‘Leaving the rest in the boat, I stepped ashore, and found the light to be in a window of a public-house. It was a dirty place enough, and I dare say not unknown to smuggling adventures; but there was a good fire in the kitchen, and there were eggs and bacon to eat, and various liquors to drink. Also, there were two double-bedded rooms – “such as they were”, the landlord said. No other company was in the house than the landlord, his wife, and a grizzled male creature, the “Jack” of the little causeway, who was as slimy and smeary as if he had been at low-water mark too.’ Great Expectations.

Dickens’s Great Expectations, like David Copperfield, is believed to be set in the 1820s in the last years of the Bloody Code. The brutality of this legal system had reached a peak around 1800, at around the time when Magwitch would have become involved with Compeyson and committed his first serious crime. Although a new Act of 1823 reduced executions from 2000 to 50, as a returned convict Magwitch would still have rendered himself liable to public execution. Having declared himself to Pip, the plan is for him to escape down the river from London to Kent and from there to take ship for Holland. But he is hunted down by his old enemy Compeyson just as he is being rowed down the Thames by Pip and his friends.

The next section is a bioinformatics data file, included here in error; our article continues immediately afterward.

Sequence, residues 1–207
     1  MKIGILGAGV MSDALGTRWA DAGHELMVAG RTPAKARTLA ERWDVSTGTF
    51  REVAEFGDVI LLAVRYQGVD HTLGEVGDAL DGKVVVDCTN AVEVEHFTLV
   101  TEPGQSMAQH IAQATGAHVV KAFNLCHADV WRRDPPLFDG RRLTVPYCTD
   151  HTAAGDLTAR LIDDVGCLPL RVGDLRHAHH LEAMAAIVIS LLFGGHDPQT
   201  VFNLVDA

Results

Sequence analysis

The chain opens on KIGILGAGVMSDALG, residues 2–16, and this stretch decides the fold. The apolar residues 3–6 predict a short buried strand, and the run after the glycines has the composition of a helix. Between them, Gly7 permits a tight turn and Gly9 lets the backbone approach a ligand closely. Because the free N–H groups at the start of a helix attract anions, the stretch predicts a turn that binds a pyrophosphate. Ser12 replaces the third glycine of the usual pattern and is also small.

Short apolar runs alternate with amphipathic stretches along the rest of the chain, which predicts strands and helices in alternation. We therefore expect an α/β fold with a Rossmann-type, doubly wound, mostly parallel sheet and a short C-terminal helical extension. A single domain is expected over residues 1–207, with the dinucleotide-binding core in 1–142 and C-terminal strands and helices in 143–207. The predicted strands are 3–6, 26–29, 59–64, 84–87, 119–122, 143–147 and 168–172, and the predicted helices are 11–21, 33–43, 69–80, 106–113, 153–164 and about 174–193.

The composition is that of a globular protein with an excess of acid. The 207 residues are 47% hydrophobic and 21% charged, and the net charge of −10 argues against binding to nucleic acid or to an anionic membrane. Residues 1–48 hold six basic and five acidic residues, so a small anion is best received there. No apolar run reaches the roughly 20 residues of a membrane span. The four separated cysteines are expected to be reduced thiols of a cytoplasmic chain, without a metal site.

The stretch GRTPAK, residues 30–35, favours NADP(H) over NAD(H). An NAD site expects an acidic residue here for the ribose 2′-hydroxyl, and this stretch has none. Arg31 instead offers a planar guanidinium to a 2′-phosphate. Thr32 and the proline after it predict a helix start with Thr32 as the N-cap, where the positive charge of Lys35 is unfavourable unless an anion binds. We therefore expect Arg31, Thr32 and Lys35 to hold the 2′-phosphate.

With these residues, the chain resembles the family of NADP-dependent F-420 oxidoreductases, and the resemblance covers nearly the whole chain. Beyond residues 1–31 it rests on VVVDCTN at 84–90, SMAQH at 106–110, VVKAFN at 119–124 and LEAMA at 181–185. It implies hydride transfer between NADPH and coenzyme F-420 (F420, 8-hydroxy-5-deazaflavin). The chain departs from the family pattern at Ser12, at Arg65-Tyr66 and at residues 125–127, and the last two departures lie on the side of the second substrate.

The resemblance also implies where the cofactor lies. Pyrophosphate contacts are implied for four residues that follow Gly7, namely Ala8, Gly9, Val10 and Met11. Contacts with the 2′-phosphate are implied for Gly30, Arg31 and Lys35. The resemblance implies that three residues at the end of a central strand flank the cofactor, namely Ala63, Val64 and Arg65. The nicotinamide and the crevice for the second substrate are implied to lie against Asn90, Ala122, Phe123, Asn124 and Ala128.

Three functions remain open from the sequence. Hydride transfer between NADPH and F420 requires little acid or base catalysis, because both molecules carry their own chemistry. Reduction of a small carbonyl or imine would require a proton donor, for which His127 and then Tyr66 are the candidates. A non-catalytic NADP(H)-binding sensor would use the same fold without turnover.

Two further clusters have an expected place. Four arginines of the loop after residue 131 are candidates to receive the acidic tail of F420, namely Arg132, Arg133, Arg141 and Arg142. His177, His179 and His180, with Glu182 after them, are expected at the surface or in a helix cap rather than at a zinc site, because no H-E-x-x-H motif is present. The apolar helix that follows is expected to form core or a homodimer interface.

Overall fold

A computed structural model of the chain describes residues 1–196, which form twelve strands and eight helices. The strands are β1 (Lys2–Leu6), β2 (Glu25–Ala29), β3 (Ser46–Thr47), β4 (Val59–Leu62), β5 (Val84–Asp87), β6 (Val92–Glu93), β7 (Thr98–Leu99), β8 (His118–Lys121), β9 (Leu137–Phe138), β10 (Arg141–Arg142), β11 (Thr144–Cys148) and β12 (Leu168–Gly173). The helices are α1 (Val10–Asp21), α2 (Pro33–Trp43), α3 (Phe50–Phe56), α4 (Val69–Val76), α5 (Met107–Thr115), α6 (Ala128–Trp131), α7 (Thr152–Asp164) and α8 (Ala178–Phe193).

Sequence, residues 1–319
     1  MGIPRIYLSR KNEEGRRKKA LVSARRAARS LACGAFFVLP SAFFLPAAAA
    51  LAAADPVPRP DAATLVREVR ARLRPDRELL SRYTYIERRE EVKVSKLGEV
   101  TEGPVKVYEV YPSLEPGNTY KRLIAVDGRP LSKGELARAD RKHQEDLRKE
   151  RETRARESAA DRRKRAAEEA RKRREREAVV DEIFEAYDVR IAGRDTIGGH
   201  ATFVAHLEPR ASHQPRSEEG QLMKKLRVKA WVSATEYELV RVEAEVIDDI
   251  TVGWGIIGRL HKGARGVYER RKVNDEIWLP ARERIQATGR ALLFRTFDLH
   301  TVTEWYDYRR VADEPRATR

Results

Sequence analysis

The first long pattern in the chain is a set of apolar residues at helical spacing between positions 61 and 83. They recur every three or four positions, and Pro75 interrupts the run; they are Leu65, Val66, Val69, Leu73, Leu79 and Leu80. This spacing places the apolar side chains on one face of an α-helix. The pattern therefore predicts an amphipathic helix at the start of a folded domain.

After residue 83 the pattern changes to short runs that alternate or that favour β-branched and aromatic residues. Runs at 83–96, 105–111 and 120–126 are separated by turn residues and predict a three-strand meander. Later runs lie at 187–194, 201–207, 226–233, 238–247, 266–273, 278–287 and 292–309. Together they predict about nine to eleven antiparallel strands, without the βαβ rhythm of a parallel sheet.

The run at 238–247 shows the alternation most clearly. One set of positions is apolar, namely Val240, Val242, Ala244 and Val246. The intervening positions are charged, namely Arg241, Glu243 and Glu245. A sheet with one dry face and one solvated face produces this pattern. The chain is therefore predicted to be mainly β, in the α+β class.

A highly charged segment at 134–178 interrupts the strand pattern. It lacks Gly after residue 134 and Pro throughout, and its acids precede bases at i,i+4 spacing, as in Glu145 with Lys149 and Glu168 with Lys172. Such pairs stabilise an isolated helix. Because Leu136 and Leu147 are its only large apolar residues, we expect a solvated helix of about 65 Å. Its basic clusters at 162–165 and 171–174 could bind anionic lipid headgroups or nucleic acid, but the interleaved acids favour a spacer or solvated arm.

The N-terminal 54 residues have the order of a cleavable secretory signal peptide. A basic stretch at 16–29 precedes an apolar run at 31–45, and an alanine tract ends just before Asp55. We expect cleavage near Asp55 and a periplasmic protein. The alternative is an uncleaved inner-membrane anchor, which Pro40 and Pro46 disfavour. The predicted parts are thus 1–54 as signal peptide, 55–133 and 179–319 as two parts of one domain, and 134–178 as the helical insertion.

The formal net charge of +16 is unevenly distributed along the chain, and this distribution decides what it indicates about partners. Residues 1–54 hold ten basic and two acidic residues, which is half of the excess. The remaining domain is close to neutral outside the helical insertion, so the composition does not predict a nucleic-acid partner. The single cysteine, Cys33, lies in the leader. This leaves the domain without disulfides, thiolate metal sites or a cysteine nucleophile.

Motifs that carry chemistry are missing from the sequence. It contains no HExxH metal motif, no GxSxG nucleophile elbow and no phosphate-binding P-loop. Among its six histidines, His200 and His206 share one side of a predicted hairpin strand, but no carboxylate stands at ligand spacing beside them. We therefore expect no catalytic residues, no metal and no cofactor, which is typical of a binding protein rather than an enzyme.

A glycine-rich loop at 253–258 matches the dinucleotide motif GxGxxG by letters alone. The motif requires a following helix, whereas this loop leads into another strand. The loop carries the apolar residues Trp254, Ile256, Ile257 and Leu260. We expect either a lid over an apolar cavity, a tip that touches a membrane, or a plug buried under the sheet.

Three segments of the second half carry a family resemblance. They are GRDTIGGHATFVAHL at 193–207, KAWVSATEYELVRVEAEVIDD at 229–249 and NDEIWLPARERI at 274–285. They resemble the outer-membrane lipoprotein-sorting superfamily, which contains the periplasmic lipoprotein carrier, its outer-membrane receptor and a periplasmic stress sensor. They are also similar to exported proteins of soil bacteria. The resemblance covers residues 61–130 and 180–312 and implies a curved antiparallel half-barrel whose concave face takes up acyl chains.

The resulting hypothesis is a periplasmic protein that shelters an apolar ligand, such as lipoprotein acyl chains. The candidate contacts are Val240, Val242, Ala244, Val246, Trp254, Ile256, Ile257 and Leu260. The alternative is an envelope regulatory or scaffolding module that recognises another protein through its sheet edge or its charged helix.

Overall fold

Magwitch’s last hours of freedom before his arrest by Customs officials are spent in an inn called The Ship. Author Laurence Gadd went down the river by boat in 1929 and identified the inn as the Lobster Smack in Essex’s Covey Island. But a more likely original is The Ship and Lobster in Gravesend, only a few miles away from Cooling churchyard where the story begins.

Once again Pip finds himself aiding an escaped convict in a lonely place. Even today the inn is in an isolated position, down a narrow byway with few near neighbours – at least one bewildered sat nav has been known to give directions straight past it and into the river. Pip hints darkly at smuggling (seemingly basing his judgement as much on its being ‘a dirty place enough’ as on its convenient location). But if he signals a certain middle class fastidiousness in this comment, he has nonetheless chosen to align himself with the outcast criminal of his first meeting, ‘A man who had been soaked in water, and smothered in mud’.1 In a final act of poetic justice it is the gentlemanly Compeyson rather than Magwitch who is drowned after the antagonists re-enact their struggle on the marshes, again with Pip as a helpless spectator.
See also Mobile Landscapes.


Dickens, Charles. Great Expectations. Oxford: Oxford World’s Classics, 1993.


  1. Great Expectations 4.